The Only Girl: My Life and Times on the Masthead of Rolling Stone
by Robin Green
(Little Brown August 2018)
“A funny, frank, powerful and ultimately moving memoir by an extraordinary writer who didn’t merely roll with the Zeitgeist but remade it in her own image.”
–T. C. Boyle
A raucous and vividly dishy memoir of Robin Green’s sharp ascent from being hired at Rolling Stone to writing cover stories and being the only woman on the masthead in the first years of the magazine’s existence. THE ONLY GIRL is a hilarious yet biting account of working in journalism during the tumultuous late-‘60s and early ‘70s, and about coming of age as a woman in the midst of it. Continue reading
Cooking South of the Clouds: Recipes and Stories from China’s Yunnan Province
by Georgia Freedman
(Kyle Books, September 2018)
China’s Yunnan Province is the most geographically, biologically, and ethnically diverse region in China. Stretching from the Himalayan plateau to the subtropics, the province is home to thousands of species of plants and animals as well as twenty-four of China’s minority groups. As a result, Yunnan is one of the most culinary interesting and delicious places on earth, with a wide variety of cuisines and flavors all packed into one small province.
COOKING SOUTH OF THE CLOUDS: Recipes and Stories from China’s Yunnan Province, by food and travel writer Georgia Freedman, offers a tour of Yunnan’s many foods, from the famed Crossing the Bridge Noodles to dishes like spiced chicken grilled in banana leaves, which will introduce cooks to a side of Chinese cooking still relatively unknown outside of the country itself.
Storm Lake: A Chronicle of Change, Resilience, and Hope from a Heartland Newspaper
by Art Cullen
(Viking Books, October 2018)
When Art Cullen won the Pulitzer in editorial writing in 2017 for taking on big corporate agri-industry whose chemicals were poisoning the local groundwater, it was a coup on many counts: a strike for the wellbeing of a rural community, a triumph for that endangered species, a family-run weekly newspaper The Storm Lake Times, and a salute to the special talents of a fierce and formidable native son – Cullen.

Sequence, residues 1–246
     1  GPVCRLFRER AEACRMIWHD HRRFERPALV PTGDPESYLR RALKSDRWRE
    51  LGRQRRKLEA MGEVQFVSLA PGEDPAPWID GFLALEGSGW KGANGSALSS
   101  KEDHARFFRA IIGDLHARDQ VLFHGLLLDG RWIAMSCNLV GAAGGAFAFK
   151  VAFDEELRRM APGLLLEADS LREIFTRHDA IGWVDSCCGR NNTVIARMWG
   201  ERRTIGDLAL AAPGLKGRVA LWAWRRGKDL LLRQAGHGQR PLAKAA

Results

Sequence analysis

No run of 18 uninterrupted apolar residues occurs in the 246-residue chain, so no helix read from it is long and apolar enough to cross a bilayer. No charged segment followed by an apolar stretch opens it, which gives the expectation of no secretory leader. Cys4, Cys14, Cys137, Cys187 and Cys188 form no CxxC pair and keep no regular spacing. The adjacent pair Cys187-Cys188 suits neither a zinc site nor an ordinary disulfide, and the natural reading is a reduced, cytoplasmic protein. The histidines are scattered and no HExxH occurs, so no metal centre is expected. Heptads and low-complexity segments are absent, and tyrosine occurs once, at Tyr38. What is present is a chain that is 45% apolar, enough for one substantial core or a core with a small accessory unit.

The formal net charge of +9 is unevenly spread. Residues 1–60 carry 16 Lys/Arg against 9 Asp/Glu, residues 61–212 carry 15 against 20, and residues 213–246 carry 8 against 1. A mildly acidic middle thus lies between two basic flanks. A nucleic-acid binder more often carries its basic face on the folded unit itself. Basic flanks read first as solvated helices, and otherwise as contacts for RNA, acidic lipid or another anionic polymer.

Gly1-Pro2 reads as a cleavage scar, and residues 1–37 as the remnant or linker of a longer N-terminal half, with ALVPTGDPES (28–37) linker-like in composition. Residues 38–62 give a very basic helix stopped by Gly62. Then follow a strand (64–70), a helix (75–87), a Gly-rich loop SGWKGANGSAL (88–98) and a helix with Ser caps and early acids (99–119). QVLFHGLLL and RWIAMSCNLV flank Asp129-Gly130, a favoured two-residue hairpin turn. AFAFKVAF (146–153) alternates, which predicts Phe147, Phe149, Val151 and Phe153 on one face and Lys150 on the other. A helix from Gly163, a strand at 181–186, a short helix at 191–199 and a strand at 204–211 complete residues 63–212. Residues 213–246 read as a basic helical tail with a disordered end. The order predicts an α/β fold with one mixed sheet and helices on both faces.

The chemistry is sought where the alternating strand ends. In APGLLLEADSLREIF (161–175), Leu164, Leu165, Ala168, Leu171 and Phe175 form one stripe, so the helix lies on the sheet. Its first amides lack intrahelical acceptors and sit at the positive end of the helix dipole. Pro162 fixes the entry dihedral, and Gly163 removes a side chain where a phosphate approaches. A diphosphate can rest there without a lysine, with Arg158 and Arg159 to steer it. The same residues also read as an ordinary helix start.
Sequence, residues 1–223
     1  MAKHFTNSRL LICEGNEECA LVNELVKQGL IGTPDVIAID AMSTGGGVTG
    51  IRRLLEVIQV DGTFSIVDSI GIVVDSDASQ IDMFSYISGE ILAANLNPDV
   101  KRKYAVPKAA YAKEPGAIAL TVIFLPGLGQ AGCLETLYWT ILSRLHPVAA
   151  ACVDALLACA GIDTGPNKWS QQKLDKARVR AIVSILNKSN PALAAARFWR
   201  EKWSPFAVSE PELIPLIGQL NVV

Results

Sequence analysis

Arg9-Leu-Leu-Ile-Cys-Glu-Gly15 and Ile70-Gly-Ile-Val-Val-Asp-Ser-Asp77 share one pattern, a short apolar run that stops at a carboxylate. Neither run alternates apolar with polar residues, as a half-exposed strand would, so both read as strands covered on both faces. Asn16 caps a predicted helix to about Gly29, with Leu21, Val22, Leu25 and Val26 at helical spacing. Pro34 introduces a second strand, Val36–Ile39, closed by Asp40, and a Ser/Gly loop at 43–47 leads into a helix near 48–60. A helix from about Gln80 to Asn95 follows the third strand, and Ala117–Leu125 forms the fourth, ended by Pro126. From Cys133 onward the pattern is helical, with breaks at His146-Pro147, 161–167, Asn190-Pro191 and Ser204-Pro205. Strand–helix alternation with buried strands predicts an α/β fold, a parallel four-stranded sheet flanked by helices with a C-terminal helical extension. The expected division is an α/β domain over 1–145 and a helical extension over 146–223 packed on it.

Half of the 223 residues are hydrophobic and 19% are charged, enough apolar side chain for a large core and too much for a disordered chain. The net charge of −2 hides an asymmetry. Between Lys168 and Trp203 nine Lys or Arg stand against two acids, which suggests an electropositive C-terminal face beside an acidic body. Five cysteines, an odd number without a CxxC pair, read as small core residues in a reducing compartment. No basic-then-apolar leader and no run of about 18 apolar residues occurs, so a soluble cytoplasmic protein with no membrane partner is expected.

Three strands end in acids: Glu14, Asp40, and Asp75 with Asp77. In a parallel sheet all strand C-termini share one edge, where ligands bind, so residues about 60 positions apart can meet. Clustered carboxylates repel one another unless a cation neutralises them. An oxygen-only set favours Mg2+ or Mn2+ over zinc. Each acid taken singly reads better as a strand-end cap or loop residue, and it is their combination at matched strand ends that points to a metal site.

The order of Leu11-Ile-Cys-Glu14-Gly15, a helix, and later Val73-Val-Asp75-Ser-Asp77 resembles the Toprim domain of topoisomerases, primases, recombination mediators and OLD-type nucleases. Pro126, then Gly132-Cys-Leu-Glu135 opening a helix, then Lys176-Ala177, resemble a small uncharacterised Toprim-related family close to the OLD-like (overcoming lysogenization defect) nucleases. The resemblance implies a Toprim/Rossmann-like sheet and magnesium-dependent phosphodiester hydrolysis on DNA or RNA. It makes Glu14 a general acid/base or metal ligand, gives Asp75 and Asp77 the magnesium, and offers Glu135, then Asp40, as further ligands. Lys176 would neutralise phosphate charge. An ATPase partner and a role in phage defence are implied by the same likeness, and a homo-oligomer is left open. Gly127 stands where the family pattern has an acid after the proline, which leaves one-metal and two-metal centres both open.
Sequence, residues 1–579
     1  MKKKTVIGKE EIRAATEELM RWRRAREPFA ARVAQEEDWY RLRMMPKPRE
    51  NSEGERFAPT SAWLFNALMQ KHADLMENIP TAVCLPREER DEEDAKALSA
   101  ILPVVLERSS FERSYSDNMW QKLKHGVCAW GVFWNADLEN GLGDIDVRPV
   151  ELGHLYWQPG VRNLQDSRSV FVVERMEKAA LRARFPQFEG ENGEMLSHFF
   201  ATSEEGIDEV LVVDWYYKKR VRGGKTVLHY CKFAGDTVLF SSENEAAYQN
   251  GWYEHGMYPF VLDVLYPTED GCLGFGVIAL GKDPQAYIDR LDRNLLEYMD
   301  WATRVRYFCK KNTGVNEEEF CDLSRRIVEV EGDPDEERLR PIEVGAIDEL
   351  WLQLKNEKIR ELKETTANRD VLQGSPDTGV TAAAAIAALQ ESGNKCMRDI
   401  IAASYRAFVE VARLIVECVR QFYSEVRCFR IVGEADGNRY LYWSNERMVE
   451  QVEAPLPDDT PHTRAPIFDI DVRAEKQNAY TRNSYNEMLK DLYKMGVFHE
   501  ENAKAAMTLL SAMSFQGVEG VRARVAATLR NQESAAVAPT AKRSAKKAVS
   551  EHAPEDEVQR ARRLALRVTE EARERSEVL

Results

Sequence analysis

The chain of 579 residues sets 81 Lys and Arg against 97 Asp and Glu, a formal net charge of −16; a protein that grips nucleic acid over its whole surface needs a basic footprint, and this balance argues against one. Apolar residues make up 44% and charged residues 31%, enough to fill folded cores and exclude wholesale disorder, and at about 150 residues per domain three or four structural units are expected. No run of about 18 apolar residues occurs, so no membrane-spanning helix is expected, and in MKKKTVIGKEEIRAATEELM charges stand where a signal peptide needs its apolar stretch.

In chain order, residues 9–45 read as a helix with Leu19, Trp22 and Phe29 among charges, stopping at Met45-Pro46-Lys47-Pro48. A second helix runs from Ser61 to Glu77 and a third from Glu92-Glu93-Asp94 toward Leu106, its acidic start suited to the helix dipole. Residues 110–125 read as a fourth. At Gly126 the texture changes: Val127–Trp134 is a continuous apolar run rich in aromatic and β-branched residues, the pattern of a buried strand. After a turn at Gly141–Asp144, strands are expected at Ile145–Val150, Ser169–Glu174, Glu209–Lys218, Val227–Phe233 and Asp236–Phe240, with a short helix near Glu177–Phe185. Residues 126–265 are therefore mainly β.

In this candid and timely book, Cullen describes how rural America has changed dramatically over his career, as seen from the vantage point of a farming and meatpacking town of 15,000 in Northwest Iowa. Politics, agriculture, the environment, and immigration all feed into a book that also chronicles a resilient newspaper, as much a survivor as its town. Continue reading
The Downtown Pop Underground: New York City and the literary punks, renegade artists, DIY filmmakers, mad playwrights, and rock ‘n’ roll glitter queens who revolutionized culture.
by Kembrew McLeod
(Abrams, October 2018)
The 1960s to early ’70s was a pivotal time for American culture, and New York City was ground zero for some seismic shifts in music, theater, art, and filmmaking. In THE DOWNTOWN POP UNDERGROUND, cultural historian Kembrew McLeod takes the reader on a kaleidoscopic tour of the city, telling the story of the interconnections between the alternative music, theater, film, video, writing, fashion and art worlds that flowered in downtown New York. McLeod uses accounts of these artistic cross-pollinations to reveal an alternative history of recent pop culture.
Through interviews with the famous (Debbie Harry, Yoko Ono, Lily Tomlin) to lesser-known-but-essential offbeat artists, rule-breaking poets, gonzo filmmakers, rock and roll drag queens, McLeod shows how these outsiders reshaped the larger culture, and from downtown New York made waves on an international scale. Ambitious in scope and scale, the book is fueled by the actual voices of many of the pivotal characters who broke down the entrenched cultural divisions between high and low, gay and straight, and art and commerce—and whose impact is still largely felt today. The book also features many never-before-seen photos of this glamorous and dynamic time. Continue reading
Life After College: The Complete Guide to Getting What You Want
by Jenny Blake
(Running Press 2011, updated 2018)
“Jenny Blake is a rock star of her generation. The book is chock-full of tips, tricks, tweets, and the genuine empathy of someone who has been in the shoes of her readers. Recent grads will love her writing style and the book’s exercises, which encourage readers to personalize their own journeys.” —Lindsey Pollack, author of Getting from College to Career: 90 Things to Do Before You Join the Real World
“This book serves as a roadmap for navigating the various aspects of your life during your twenties. Jenny shares wonderful tips, practical advice, and stories to help inspire individuals to live their truest dreams.” —Christine Hassler, author of 20 Something, 20 Everything and 20 Something Manifesto
Need some straightforward guidance on how to maneuver the real world? Do you wish there was a roadmap that would help you figure out how to get where you want to do? Life After College is that guide. Jenny Blake offers you practical, actionable advice to achieve your goals.
Life After College is an essential manual for recent college graduates, with hundreds of tips and exercises, all newly updated for 2018, to get you inspired, focused, and ready to thrive in every area.
Space Odyssey: Stanley Kubrick, Arthur C. Clarke, and the Making of a Masterpiece